Public support for Italy’s request

These statements are taken from close to than 1,000 petitions gathered from the SAFE’s 2005 Say YES to Italy campaign. They are posted here with permission from the authors.

As a Ph.D. candidate in archaeology, I have personally witnessed the devastating effects of looting inspired by unrestricted trade in antiquities. I strongly support a renewal of the bilateral agreement to protect the cultural heritage of Italy.

Seth Button, Ann Arbor, MI

The goodwill and respect shown by the U.S. with regard to Italy’s heritage should continue on and if at all possible branch out into formerly unprotected categories of antiquities.

Adrienne Donovan, Rockland, MA

Non-renewal of the restrictions would send a very negative sign to our scientific counterparts in Italy and to the Italian cultural authorities. As Americans interested in maintaining a strong relationship between the US and Italy, we must do everything we can to ensure that these import restrictions are renewed. As scientists devoted to the discovery, interpretation, and preservation of Italy’s cultural heritage, we must do everything we can to stop the looting of that country’s precious cultural heritage.

Bernard Frischer, Charlottesville, VA

I am an archaeological professional and am deeply heartened by cooperative, international efforts such as the US/Italy antiquities agreement. It represents all the best ideals of shared knowledge, respect, and responsability.

C.J. H., Somerville, MA

Backing Italy’s laws prohibiting the export of their cultural property with laws prohibiting the import into the USA is the only ethical and right way to maintain the valuable historical past and to preserve international relations.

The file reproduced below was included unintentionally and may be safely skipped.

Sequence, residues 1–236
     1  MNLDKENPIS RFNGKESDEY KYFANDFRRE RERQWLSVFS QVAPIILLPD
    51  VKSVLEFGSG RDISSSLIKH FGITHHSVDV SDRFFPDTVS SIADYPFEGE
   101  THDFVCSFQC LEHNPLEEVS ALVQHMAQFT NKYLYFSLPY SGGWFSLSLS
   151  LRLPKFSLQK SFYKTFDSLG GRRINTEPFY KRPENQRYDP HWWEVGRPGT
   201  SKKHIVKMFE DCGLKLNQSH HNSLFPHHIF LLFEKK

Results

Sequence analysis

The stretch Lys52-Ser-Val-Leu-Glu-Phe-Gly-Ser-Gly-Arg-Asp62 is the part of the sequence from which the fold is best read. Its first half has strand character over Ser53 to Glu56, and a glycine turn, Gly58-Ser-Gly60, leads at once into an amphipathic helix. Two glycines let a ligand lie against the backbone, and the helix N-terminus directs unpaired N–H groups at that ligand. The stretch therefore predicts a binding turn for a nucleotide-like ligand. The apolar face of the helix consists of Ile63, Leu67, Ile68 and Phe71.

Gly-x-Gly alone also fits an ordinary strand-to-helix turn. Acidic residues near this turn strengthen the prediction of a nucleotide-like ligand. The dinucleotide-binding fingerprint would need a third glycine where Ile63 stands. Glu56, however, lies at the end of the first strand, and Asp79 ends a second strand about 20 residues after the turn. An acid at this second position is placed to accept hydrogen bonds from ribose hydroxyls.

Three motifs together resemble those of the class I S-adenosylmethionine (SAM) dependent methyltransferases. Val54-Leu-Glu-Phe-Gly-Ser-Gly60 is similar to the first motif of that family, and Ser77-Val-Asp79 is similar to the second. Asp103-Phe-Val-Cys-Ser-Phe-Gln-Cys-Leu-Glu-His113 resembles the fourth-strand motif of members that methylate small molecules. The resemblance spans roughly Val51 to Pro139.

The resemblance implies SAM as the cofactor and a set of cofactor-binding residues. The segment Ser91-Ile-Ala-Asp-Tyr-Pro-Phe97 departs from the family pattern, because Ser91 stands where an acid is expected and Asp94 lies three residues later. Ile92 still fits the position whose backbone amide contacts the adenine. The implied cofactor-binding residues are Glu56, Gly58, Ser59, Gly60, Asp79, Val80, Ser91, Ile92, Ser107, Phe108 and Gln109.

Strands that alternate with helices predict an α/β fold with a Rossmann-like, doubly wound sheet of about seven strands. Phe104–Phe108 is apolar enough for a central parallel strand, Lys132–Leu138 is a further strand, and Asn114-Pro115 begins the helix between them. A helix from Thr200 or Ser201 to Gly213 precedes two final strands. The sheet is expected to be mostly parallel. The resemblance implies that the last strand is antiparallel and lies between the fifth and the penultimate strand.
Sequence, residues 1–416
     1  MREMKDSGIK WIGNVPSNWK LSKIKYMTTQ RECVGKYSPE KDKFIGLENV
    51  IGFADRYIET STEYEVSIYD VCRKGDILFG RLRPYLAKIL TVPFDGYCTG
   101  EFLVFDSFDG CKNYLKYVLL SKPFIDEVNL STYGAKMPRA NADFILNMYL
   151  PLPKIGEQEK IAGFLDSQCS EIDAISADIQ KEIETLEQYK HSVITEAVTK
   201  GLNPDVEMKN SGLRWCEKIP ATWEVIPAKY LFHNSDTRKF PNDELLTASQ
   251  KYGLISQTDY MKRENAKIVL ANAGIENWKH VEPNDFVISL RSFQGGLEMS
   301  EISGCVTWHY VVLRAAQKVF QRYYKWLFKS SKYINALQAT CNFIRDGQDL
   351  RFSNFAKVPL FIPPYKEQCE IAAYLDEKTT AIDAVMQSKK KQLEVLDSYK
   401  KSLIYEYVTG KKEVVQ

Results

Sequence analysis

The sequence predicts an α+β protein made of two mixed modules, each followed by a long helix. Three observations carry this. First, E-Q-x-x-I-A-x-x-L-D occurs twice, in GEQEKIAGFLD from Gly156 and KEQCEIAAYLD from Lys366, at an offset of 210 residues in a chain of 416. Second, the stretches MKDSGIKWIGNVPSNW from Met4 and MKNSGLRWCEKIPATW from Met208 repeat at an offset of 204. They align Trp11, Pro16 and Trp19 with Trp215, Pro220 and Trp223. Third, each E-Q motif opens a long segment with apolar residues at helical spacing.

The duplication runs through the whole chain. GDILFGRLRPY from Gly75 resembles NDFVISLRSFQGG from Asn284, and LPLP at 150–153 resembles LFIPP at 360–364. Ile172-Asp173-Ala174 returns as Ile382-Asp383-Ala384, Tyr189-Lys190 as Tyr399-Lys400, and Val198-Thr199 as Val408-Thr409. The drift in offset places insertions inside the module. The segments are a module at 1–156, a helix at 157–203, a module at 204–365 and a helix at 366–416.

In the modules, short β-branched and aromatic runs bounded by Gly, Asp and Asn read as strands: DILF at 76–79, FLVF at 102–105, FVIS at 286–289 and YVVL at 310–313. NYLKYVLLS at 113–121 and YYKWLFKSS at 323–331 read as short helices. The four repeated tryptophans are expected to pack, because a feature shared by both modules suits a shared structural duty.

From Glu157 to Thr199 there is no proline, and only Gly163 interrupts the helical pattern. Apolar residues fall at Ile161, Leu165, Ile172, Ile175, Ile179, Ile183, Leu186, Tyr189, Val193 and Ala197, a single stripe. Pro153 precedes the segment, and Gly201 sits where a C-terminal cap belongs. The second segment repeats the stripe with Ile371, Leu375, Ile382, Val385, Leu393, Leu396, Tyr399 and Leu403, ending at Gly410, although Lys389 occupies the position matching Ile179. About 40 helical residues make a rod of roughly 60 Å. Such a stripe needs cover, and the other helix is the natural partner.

Lisa Kahn, Tampa, FL

The bilateral agreement with Italy will help prevent the despoilation of archaeological sites. It is imperative to vote YES.

John F. Kenfield, Princeton, NJ

The whole world is indebted to Italy for the invention and preservation of so many works of art and cultural heritage–we owe them this assistance in carrying the burden of protecting the history of civilization.

Anna Kirwan, Sunderland, MA

The treasures of the past are bequeathed to all of us and to all of our descendents. They should not be stolen from sites or museums for the financial profit and pleasure of the few.

H. M., West Midlands, UK

Please renew the agreement. It is extremely important for the understanding of the past to prevent illegal export and import of ancient artifacts. Only in the proper context of find spots can artifacts be best interpreted.

Martha J. Payne, Muncie, IN

Our history is a non-renewable resource. Don’t squander it.

Matthew Piscitelli, Boston, MA

Please honor Italy’s cultural heritage by continuing restrictions on antiquities that have been stolen from museums and archaeological sites. Heaven knows we need to maintain the few international friendships we still have. This is the decent thing to ask.

R.G.S., Gainesville, GA

Archaeological sites are finite resources and it is the job of governing authorities to protect our cultural heritage.

Lacey Wallace, Brighton, MA

The agreement thus far has had positive effects, such as greater cooperation between the two countries in loaning items for exhibits, and growing police protection for cultural sites and objects within Italy. The restrictions in place have been instrumental in allowing these positive developments, and it is imperative that the U.S. renews this agreement to continue to help Italy protect its cultural heritage. To do otherwise would be a major regression from the last several years’ work and would promote the destruction of cultural knowledge and understanding.

Marni Blake Walter, Westmoreland, NH

“I am surprised in a way, to even have to write this letter. Why should we need to discuss whether or not to do the right thing toward Italy or any other nation. It would be yet another sign of America's moral decline if we fail to honor Italy and help preserve her extraordinary heritage.”

Phyllis Halterman, New York, NY